Firstly, there’s the all-red back, which has never occurred in St Kilda’s history. Designers have typically steered well clear of using anything other than white to dominate a clash or alternative jumper, even with teams that don’t have white in their colours. St Kilda’s been no exception since the AFL really started standardising (well, to a point) their guidelines for clash jumpers, and that came around the time they told the club to find a design to supersede the very popular candy stripe jumper (which ended with the apron jumper disaster).

Then, of course, is the star of the show. The clever thing about the jumper is that the Stickman acts as the white middle panel we have in the home jumper (in the original design it covered the length of the jumper – the top of its halo touched the collar), with essentially red and black halves where the respective panels go.

The Stickman itself could never be brought back permanently for a few reasons. The first is that, whilst it has excellent novelty value, the nature of the figure has excellent novelty value, i.e. it’s a novelty. It’s a novelty in the historical sense (nostalgia explains explains much of its popularity), with the figure sitting comically amongst the Lion, Tiger, Magpie, Bomber, etc. Also, the idea of a thin, faceless stick figure representing a club is exacerbated by the deep ties to the desperately unsuccessful post-Jeans era from the late 1970s until the mid 1980s.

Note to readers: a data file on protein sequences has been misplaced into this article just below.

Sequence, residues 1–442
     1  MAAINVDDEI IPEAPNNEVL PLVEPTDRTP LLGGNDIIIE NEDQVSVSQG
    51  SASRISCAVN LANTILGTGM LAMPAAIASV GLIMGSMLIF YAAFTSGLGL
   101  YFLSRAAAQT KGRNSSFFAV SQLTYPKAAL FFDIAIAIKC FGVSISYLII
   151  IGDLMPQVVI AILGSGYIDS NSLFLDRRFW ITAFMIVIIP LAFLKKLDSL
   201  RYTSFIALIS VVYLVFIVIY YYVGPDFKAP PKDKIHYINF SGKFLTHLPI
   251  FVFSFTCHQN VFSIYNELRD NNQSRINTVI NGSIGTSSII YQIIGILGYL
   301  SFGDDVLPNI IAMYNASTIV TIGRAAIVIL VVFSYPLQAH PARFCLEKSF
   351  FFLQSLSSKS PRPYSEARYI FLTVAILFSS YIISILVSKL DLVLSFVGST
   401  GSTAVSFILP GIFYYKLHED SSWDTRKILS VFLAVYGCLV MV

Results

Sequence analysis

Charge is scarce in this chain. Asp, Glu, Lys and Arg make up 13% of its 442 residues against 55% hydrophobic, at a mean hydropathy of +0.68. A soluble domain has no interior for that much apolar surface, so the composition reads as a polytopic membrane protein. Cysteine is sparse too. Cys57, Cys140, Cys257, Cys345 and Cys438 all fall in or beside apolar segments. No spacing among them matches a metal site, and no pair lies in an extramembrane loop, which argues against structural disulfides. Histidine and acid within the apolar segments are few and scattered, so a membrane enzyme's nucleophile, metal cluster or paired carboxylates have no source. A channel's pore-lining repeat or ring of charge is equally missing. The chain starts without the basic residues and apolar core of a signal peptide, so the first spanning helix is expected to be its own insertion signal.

Then of course there is the reason why it was ditched in the first place (in favour of the slightly less iconic Stickman #2) – the small copyright dispute over use of the image launched by the producers and James Bond from the TV show The Saint.

My point is that the NAB “Challenge” – with pre-season games now officially acknowledged as practice matches in all but name – allows for these designs (see Richmond’s and North’s silly swirls designs) to be used more as merchandise novelties and less so as testing grounds for clubs in conjunction with designers as far as the potential for creating serious, iconic designs goes.

But there’s a flipside to the Stickman jumper. Despite the nearly-comical figure being its centrepiece, the design overall looks rather bold. It’s proved the same point that last year’s 140 Years Jumper did – the St Kilda’s jumpers would look better with nearly all of the jumper being an even split between red and black, with minimal white, or white only on the trim. It’s a bolder, meaner look, but the white cuffs and collar break it up and add a touch of class.